We asked some veteran infield skin managers about their infield mixes and why they chose that combination and/or products.

What’s your infield mix?

We asked some veteran infield skin managers about their infield mixes and why they chose that combination and/or products.

Eric Blanton, Reno Aces

I have Gail Materials Collegiate blend infield mix. It consists of a 60% sand/20% clay/20% silt mixture. It was chosen due to its high clay and silt content and NO cinder content. It holds together very nicely with very little cleat marks after games. Gail Materials has continuously tried to make their products better no matter what outcomes they have. They are a company that strives to be the best and that also was another reason I chose their product.

George Marshall, Stetson University

Here at Stetson University in Florida we use a clay field approximately 6 to 8 inches deep on a sand base. We mix in with it Turface Pro League Red that serves as our playing surface. We laser grade the infield annually in the off season, and will do it twice if necessary depending on the rainy season. Usually after laser grading we will add around 1 to 1 1/2 tons of Turface and play with it after that to get it to our liking. We try and aerate with our Toro aerator a couple times a year to aide in drainage and fight compaction. 

Larry Divito, Minnesota Twins

Our infield mix is from Natural Sand in Slippery Rock, PA. Grant McKnight is the owner there and he is the one who engineered this infield mix. It is somewhat similar to what the Mets used for their installation at Citi Field. Bill Deacon gave me some great anecdotal evidence of its performance. As for the blend, I would leave it to Grant to discuss.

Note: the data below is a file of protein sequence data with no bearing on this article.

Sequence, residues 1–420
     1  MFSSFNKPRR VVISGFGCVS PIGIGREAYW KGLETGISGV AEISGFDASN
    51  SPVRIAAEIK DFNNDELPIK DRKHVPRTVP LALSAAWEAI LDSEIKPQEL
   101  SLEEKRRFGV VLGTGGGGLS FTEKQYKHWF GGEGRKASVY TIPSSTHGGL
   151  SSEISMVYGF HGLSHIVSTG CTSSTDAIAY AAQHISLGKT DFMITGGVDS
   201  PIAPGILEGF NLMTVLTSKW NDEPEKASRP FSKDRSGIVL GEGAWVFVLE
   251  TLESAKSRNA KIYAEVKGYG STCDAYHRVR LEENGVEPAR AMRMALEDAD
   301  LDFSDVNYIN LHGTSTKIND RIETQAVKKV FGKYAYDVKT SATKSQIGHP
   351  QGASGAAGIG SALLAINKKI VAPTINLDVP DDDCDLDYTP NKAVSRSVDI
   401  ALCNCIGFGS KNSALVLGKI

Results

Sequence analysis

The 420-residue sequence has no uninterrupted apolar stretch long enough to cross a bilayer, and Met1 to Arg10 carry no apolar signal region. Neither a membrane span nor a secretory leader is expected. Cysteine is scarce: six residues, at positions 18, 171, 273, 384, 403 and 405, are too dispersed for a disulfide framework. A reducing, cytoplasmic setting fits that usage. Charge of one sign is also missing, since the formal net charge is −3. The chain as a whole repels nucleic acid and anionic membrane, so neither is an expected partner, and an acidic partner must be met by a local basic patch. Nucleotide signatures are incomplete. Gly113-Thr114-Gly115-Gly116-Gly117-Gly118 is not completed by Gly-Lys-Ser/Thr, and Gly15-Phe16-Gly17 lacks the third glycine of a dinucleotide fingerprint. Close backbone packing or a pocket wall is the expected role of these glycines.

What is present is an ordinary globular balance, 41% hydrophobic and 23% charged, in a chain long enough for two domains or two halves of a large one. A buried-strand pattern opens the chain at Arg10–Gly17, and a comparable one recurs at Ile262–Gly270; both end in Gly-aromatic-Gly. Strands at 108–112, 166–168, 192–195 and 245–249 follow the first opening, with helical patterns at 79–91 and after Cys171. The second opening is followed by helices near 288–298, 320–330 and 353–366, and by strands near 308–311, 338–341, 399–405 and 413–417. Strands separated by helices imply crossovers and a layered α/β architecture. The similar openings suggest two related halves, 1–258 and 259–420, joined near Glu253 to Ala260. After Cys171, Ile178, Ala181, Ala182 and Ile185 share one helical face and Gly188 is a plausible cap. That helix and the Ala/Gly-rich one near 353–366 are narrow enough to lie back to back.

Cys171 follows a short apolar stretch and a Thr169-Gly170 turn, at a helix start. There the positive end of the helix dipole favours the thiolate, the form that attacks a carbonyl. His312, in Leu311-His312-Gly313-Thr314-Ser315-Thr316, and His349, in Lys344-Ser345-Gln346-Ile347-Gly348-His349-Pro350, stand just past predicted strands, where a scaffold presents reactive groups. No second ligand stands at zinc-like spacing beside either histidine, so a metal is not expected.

Dan Douglas, Reading Phillies

Infield mixes in general have improved dramatically in the past 25 years. Suppliers are now producing much cleaner products and are more conscientious of the makeup of their mixes. There are also a lot more choices of amendments. Whether a mix is loose, tight, dry, sticky or just an unappealing color, there is an amendment available to correct the problem. In most cases, I recommend finding a fairly local supplier of infield mix (to save on trucking costs) and changing any characteristics of the mix you don’t like with amendments.

The infield mix at FirstEnergy Stadium in Reading is a combination of Professional Diamond-Tex (50% sand/32% silt/18% clay) and amendments. Professional Diamond-Tex is tan in color, dries out quickly, does not get sticky when wet and, notably, is produced only 30 miles away by Martin Limestone.

The infield skin is renovated in March when we: add new infield mix, if needed, to help meet grade; Stabilizer is applied; the top 2 inches are tilled and the infield skin is laser graded and rolled. A topdressing combination of Turface Pro League and Diamond Pro Vitrified Infield Conditioner is maintained during the playing season. The amendments have aided in overall moisture management, footing, ball bounce and aesthetics of the infield at FirstEnergy Stadium. 

Jim Wiggins, Tomball (TX) ISD

We just recently rebuilt both our softball and baseball infields as both were in dire need of an overhaul from the bottom up. We ended up taking about 4 inches out of the baseball field and 2 inches out of softball. Starting with the new subgrade of 60/40 sand clay mixture we had blended, the contractor, 4E Turf Services, and then began the compacting and laser work on the subgrade. Both fields had Diamond Pro Vitrified Red added as the new topdressing and then rolled and nailed multiple times to achieve our finished product. After 10 years of amending and working on our fields we were able to finally redo both fields and are completely satisfied with our finished product.